FORT MYERS, Fla. -- The baseball fan in Anthony Volpe detoured into fantasy on Sunday morning, inspecting a patch of real estate crafted to mimic New England’s living room. As he eyed the Green Monster, including parts of an original Fenway Park scoreboard that once stood sentry behind Ted Williams and Carl Yastrzemski, it was impossible not to think about playing in “The Rivalry” for real.
The baseball player in Volpe simply continued to do what he has done all spring: turn heads. Volpe continued to strengthen his case for making the Opening Day roster by smashing an opposite-field double, then clearing the Boston bullpen with a homer as the Yankees and Red Sox played to a 3-3 Grapefruit League tie at JetBlue Park.
“I think there’s a lot of time left, a lot of games left,” Volpe said. “For me, it’s just trying to take advantage of every opportunity. Having the coaching staff and support staff to work with you and get it right in the games [helps]. It’s definitely early, but everyone wants to perform in the games.”
Despite having only 99 plate appearances at Triple-A under his belt, the 21-year-old Volpe has flashed signs of being ready for The Show, finishing 2-for-4 on Sunday. In nine spring games, Volpe is batting .320 (8-for-25) with three doubles, two homers, four walks and three stolen bases.
“Just really good at-bats for him all day, getting himself in good counts and getting in good swing decisions,” manager Aaron Boone said. “I think it gives you a little peek at how much power he’s got to all fields. … A lot of our guys, especially our established core guys, he’s gotten their attention.”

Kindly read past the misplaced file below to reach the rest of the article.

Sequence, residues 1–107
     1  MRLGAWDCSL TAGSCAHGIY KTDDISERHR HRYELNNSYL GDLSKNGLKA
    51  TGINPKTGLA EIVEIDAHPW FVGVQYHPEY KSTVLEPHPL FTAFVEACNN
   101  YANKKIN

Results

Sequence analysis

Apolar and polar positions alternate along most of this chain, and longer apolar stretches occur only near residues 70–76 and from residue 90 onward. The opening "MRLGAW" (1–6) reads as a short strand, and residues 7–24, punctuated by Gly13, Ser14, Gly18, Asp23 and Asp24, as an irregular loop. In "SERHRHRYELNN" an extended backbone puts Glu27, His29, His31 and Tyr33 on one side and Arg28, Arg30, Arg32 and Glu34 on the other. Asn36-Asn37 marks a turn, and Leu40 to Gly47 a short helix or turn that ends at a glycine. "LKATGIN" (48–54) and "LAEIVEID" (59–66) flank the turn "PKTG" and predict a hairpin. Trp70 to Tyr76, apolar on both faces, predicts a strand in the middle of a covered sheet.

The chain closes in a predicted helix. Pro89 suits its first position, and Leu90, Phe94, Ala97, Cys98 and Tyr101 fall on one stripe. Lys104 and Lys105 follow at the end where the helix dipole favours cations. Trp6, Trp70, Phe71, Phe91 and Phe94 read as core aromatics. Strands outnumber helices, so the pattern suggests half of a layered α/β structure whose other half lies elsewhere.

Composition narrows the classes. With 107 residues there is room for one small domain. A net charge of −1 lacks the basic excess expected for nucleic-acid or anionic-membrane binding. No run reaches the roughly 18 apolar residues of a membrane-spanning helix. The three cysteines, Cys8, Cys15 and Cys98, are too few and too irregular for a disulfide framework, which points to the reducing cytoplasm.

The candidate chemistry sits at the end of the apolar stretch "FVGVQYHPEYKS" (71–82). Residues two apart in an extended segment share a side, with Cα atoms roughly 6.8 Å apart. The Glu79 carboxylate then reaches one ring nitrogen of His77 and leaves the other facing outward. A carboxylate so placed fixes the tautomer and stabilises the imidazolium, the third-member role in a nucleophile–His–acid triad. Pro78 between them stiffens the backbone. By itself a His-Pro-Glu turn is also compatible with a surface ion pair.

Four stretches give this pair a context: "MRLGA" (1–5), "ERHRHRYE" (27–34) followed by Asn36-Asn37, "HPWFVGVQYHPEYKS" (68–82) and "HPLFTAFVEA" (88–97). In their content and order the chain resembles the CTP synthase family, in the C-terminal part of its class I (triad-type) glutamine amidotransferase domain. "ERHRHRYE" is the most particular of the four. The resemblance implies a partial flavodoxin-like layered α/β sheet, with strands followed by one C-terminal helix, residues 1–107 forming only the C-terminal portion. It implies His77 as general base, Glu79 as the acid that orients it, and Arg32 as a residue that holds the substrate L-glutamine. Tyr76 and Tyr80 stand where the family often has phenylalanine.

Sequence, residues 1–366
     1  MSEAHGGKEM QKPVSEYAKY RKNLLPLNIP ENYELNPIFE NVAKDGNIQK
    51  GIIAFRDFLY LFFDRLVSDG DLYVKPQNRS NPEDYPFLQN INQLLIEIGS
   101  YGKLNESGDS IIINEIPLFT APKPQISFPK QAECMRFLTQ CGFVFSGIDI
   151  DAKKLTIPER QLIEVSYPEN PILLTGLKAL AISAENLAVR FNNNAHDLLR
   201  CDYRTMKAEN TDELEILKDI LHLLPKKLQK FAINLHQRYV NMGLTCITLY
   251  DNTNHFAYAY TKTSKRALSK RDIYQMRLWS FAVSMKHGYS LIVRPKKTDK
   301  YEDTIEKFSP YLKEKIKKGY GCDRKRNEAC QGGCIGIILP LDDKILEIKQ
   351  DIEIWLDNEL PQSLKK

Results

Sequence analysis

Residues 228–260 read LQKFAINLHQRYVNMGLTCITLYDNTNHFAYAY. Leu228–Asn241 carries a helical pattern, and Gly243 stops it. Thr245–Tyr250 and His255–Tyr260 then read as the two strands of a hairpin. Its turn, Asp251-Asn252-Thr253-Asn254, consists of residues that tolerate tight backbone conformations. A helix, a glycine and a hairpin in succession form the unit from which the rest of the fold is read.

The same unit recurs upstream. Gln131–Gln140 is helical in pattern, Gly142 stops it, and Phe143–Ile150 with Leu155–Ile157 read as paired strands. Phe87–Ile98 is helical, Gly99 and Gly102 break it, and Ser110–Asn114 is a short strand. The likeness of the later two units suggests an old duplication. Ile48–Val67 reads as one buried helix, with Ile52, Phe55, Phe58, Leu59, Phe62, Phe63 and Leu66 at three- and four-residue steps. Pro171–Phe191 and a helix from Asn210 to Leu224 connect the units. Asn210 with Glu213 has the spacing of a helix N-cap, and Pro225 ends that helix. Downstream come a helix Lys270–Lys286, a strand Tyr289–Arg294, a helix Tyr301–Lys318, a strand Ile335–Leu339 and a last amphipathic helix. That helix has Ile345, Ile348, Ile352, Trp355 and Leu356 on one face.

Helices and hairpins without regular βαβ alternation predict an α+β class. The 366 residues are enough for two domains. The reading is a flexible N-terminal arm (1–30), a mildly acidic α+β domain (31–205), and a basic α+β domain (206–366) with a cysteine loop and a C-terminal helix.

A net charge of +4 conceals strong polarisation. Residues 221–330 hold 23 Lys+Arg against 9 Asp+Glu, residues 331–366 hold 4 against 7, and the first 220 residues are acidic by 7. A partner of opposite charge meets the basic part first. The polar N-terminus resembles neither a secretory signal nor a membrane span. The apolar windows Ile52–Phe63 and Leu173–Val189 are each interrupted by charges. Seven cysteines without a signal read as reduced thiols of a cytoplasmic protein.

Volpe’s big hits came off a pair of pitchers with veteran resumes. He touched right-hander Tanner Houck for a second-inning double, a scorched liner that cleared right fielder Rob Refsnyder and rattled up against the wall. In the fifth, Volpe connected for what Boone called “a pretty good poke” off right-hander Chris Martin.
“I definitely liked my approach coming off my first at-bat against Houck,” Volpe said. “He definitely had really good stuff. I wanted to get to the bottom of a two-seam, and it’s nice when your approach matches up and you take a good swing. You get a good result.”
That was impressive to Volpe’s teammates, too; unprompted, outfielder Aaron Hicks asked a group of reporters: “Hey, did you see Volpe’s home run?”
“I definitely appreciate it,” Volpe said. “It’s pretty crazy to think about.”
Boone has also been pleased by Volpe’s defense this spring, remarking: “I think he’s capable of being a big league shortstop. He’s going to play in the middle of the diamond and have a long career.”
Cashman said this week that the club has not yet had formal meetings about its shortstop competition, but Volpe has clearly held his own.
“I’m not surprised he’s played well. He’s here for consideration,” Cashman said. “He’s a really good player. We think he’s got a really bright future. He’s just continuing to do what he’s always done, which is play really well when he’s in games. It’s just a continuation of that. [Vice president and director of amateur scouting] Damon Oppenheimer and his staff deserve a lot of credit for a great pick, and he continues to reinforce why.”
As the idea of Volpe starting at shortstop for the Yankees on March 30 begins to look more realistic, Volpe said that he is still taking the situation “day by day.” That’s no easy task, considering that Volpe’s friends and family members have been flooding his cell phone with congratulatory text messages and video clips of each spring highlight.
“It’s awesome that they’re following,” Volpe said. “If I played bad, they’d probably be pissed at me just because they’re fans. It’s a pretty cool dynamic that we all grew up watching the games, and it’s pretty cool to see how much you’re supported.”